Last week Governor Gavin Newsom hinted at a return-to-campus deal that would be released on Friday; however, the public is still awaiting for an update as the discussion continues.  

Remote learning has changed the lives of students and teachers and everyone is eager for its end. Policy makers are clamoring to put together a plan. However, the matter of returning to campus is much more complicated than it seems.

Although remote learning has created new problems, it has also exposed pre-existing ones.  The education system has been failing students and teachers for years. Perhaps now is a good time to rethink the way schools can best benefit their students and teachers alike.

“We all want to be back — but we want to go back to normal,” said Erin Durante, a sixth grade teacher at Pony Express Elementary. “The problem with ‘normal’ is that the services were inadequate to begin with and fell to the most part to teachers. Going back to the way things were shouldn’t be an option.”

April Braun, an English teacher at Rosemont High School, shares the same views. 

She has been particularly worried about her students who do not have good home lives. Now that going to school is no longer an option, they are forced to endure an unhealthy environment on the daily. 

Child welfare experts are warning about increases in child abuse during this time.  Braun used to be able to step in when students would show concerning signs. With remote learning, these signs are undetectable. 

“At school, if I see somebody [that looks] like they haven’t showered in a while or […] wearing the same clothes, I can reach out and figure out if I can get them some clothes or call home and make sure everything’s okay,” Braun explained. 

However, now that she goes through each day teaching to a bunch of black screens, she is no longer able to check on their well being.

Another concern revolves around how students are falling behind normal standards.

According to surveys by the RAND Corporation, forty percent of teachers are requesting help to catch their students up to grade level. Studies by McKinsey and Company predict that students will lose five to nine months of learning.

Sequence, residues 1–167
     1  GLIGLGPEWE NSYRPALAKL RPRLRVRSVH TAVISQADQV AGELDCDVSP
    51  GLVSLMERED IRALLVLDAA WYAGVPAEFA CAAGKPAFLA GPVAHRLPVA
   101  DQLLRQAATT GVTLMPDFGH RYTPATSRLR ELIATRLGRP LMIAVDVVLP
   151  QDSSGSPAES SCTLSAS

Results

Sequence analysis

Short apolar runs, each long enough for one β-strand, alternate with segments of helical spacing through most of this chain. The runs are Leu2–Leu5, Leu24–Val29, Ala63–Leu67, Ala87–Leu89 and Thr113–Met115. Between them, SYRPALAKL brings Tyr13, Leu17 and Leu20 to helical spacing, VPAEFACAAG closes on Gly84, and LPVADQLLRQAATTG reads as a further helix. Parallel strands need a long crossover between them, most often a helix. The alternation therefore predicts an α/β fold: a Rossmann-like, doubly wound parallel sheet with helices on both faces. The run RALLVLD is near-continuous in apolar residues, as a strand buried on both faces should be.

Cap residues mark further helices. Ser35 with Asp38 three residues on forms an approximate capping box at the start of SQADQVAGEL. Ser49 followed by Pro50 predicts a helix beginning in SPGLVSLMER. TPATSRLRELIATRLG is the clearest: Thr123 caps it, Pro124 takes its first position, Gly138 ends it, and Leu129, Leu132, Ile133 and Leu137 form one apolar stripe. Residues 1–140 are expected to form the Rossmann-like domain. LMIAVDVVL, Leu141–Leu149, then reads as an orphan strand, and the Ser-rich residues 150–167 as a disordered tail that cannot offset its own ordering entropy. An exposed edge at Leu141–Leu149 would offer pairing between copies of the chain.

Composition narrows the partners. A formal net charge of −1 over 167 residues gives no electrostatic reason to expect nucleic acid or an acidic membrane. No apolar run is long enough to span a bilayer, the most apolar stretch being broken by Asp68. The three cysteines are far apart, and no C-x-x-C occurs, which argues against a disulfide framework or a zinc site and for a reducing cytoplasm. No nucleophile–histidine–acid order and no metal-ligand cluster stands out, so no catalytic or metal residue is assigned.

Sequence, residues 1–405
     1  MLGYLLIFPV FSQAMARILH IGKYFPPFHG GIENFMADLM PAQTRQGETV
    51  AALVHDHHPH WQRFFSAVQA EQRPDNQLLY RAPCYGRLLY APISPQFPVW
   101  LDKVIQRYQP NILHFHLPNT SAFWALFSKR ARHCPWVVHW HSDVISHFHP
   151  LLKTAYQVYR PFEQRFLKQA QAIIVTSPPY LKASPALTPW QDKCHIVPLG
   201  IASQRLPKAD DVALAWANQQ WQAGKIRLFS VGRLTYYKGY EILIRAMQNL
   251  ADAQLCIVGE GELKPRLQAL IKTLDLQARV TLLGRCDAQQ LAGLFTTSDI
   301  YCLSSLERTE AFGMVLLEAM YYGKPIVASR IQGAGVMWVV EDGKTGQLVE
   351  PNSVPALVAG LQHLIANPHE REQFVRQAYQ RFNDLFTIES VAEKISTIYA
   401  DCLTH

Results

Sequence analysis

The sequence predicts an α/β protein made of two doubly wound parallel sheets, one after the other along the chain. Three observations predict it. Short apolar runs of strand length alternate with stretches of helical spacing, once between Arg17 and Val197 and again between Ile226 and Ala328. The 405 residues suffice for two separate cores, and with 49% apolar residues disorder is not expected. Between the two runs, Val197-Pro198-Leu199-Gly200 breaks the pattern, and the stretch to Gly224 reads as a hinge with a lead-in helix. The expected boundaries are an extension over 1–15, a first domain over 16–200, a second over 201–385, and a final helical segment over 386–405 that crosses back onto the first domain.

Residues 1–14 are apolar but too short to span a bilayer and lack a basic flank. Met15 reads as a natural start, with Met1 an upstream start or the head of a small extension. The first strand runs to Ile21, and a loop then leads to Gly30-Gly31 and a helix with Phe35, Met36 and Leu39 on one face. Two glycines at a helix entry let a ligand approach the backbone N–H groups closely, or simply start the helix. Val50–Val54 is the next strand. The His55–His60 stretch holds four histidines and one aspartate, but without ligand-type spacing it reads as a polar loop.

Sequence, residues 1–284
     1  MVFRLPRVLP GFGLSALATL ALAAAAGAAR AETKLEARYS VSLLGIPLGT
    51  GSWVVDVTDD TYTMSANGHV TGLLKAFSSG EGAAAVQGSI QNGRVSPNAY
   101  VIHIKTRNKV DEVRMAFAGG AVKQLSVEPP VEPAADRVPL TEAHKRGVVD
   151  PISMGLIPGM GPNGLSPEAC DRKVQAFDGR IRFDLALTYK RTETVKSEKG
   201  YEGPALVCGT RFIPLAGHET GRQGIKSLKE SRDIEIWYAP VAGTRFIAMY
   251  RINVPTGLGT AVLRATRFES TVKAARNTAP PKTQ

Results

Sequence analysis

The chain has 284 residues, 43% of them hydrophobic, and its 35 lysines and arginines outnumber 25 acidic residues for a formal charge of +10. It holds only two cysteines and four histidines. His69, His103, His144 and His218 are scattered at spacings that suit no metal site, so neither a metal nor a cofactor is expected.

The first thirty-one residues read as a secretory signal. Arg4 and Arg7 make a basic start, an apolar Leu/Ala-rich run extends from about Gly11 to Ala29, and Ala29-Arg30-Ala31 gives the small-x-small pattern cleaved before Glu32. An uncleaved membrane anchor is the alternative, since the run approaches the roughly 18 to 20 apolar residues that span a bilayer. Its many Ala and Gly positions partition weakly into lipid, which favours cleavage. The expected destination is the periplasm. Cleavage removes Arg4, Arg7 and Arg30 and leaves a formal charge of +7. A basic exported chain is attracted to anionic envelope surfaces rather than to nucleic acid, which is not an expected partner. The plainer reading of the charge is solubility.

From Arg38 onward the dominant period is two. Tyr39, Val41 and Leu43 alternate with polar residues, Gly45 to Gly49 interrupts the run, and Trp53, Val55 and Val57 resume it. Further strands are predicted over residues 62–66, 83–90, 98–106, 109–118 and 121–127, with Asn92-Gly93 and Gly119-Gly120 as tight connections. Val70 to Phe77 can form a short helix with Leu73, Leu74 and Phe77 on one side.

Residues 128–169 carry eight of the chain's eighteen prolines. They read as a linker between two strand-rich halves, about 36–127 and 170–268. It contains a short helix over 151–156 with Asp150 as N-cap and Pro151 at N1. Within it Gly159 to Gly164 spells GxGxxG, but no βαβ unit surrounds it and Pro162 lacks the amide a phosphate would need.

There has been discussion about a possible extension to the school year to give students and teachers more time to catch up.

President Biden is expected to ask Congress for $29 billion to fund schooling over the summer. Governor Newsom has proposed setting aside $4.6 billion for similar programs. 

Some students and teachers seem to have a different view on the matter. 

Vladyslava Noga, a senior at Rosemont High School, expressed her distaste for such an extension and believes it would even have the opposite intended effect. 

“We may not complete the course load that is done in the regular year, but I think that’s fine because given the circumstances that we are in right now,” Noga said.

“I don’t think [the extension] going to be effective because the students will be frustrated that they still have to go to school and they’re just going to block out everything.”

Braun also agrees that this initiative may be unnecessary and insensitive to what students are going through.

“I laugh at the concept of students falling behind. Falling behind what? We’re in the middle of a pandemic and to act like our normal standards should apply to this year and to what we’ve been through [is] just really laughable to me,” Braun said. 

Students have been struggling more than ever this year. One of Braun’s students has lost a close family member. 

“I’m supposed to compare what she learned this year to what she’s learned in other years of her life? There’s no way to compare the learning that was happening last year or years before.”

Society made up these standards that students are supposed to meet and we can just as easily make exceptions Braun explained. 

While the return to campus has been widely politicized and debated, the issue is often over simplified especially when it comes to the experiences of teachers.

“The rhetoric around the teaching profession — even the rhetoric suggesting that we need to open schools — somehow suggest that teachers haven’t been teaching or working. Every teacher that I know is working more than ever because we were never trained on how to teach online,” Braun reflected. 

“I think we’ll see lots of teachers leave [teaching] after this year because of the rhetoric around the profession that has made it seem as though we don’t want to work, or we don’t want to go back to school, or we’re not working as hard when in reality I think teachers are working harder than ever. School is open. The campus is just closed.” 

With so much to consider, Newsom and the California Legislature are still in the midst of the debate.